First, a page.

The experience of the new wing is vastly different from the rest of the galleries, where glass objects from earlier eras are exhibited in dimly lit rooms, and exterior glass walls are covered by curtains. “It was the ethos of the time to keep galleries darker,” says Tina Oldknow, senior curator of modern and contemporary glass. The new wing is located on the north end of the completely connected complex and immediately adjacent to the main admissions lobby, where guests arriving by car enter. (Bus groups enter on the opposite end of the lower level.) Visitors—who, museum research has found, are overwhelmingly drawn to contemporary works—are encouraged to start in the new structure and then finish the loop through the other buildings. “Reading the end of the book first works for us here,” explains Oldknow.
Along the way, visitors will also pass through the ventilator building of the former Steuben Glass factory, designed by Harrison in the 1950s and renovated by Phifer to accommodate retractable seating for 500 for glassblowing demonstrations and glass-design sessions. The rest of Phifer's 100,000-square-foot project—which at $64 million is fairly economical for a museum building despite its groundbreaking envelope and structure—includes office space below the gallery and a boardroom overlooking it.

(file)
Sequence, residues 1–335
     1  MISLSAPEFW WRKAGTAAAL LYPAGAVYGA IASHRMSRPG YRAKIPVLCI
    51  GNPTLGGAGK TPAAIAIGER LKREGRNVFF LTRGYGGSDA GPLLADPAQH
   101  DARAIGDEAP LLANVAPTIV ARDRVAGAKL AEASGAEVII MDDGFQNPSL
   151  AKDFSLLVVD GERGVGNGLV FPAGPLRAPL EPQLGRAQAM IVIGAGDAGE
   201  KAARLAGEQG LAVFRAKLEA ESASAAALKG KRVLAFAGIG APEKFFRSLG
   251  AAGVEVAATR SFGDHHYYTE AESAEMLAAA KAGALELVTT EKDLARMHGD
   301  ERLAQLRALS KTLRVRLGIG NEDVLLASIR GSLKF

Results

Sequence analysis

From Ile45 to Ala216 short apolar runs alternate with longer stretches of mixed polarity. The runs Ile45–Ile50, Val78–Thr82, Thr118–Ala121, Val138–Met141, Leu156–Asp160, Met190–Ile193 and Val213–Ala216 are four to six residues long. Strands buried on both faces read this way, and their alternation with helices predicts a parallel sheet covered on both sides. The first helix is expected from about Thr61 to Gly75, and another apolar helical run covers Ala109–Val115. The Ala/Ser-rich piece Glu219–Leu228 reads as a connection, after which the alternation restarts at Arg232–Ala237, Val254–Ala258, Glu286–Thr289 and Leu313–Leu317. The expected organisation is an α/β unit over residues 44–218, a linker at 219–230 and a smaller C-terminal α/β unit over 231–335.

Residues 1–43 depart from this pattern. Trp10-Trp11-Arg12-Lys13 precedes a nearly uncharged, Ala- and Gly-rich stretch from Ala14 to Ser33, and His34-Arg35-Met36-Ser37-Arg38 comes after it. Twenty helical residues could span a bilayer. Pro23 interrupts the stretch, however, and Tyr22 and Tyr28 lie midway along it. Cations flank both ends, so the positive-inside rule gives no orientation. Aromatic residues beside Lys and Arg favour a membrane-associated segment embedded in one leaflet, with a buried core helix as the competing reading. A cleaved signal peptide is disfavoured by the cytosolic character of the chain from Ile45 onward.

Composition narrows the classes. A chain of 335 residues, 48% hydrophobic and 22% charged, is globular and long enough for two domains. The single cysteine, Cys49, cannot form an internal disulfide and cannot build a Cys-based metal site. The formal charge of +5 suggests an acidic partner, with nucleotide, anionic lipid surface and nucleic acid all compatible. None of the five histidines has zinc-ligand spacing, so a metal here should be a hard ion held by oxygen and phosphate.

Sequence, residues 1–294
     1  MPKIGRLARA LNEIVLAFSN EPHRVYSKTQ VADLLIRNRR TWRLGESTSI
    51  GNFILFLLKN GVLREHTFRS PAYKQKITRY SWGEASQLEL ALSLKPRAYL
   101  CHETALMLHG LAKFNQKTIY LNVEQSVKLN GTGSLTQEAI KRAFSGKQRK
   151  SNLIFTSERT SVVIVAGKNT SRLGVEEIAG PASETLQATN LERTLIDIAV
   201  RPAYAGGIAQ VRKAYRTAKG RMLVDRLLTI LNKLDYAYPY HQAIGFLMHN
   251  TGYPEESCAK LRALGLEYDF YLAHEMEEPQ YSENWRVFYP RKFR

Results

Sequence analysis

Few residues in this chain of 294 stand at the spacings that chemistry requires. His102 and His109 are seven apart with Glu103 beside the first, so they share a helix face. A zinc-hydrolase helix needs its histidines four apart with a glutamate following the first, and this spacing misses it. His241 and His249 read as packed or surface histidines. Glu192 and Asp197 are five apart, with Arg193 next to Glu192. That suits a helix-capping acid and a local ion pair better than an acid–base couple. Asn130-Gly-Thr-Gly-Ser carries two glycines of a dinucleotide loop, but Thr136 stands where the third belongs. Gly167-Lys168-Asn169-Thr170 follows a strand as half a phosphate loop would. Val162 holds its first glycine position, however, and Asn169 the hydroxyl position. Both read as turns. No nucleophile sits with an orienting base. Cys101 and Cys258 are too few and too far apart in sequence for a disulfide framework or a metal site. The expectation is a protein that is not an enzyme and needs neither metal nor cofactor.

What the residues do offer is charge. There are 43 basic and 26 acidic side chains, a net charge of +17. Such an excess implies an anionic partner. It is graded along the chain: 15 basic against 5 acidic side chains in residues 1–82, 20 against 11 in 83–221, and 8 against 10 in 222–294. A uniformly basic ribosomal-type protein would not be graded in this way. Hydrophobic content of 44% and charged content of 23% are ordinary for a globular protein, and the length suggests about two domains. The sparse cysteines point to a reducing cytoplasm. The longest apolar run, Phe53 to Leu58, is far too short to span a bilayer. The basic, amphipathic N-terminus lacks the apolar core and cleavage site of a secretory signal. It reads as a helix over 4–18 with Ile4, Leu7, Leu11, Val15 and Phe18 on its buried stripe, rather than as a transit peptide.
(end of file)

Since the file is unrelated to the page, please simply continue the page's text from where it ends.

The Contemporary Art + Design Wing may be the most recent among Corning's collection of modern glass buildings—and Tom Phifer the latest in its roster of high-profile architects—but it is not destined to be the last. Just as a spirit of invention drives the Fortune 500 company, Corning's enlightened patronage of both art and architecture will surely continue to shape the small town it calls home.
Set in Concrete
Encased in glass, the gallery space of the new Contemporary Art + Design Wing at the Corning Museum of Glass is defined by its stunning structural elements. Liberated from the requisite straight walls for displaying paintings and works on paper, architect Thomas Phifer introduced curving concrete interior walls early in the design process. Within them would sit the large sculptural glass art from the museum's permanent collection, top-lit by daylight streaming in from the mostly glass roof.
Structural engineer Guy Nordenson, who had also worked with Smith-Miller + Hawkinson on the previous museum renovation and addition, suggested a series of deep beams that would both filter daylight in and hold up the roof. Inspired by Sverre Fehn's Nordic Pavilion at the Venice Biennale (1962), where transparent roof elements are suspended between similarly slender rafters, Nordenson's solution features 3½-inch-wide and 4-foot-deep precast concrete joists positioned 3 feet, 2½ inches apart. The spacing was calibrated based on input from daylighting consultant Arup. “We had to strike a balance so that enough light came through to illuminate the works, while managing glare and overall brightness,” says Arup associate Matt Franks.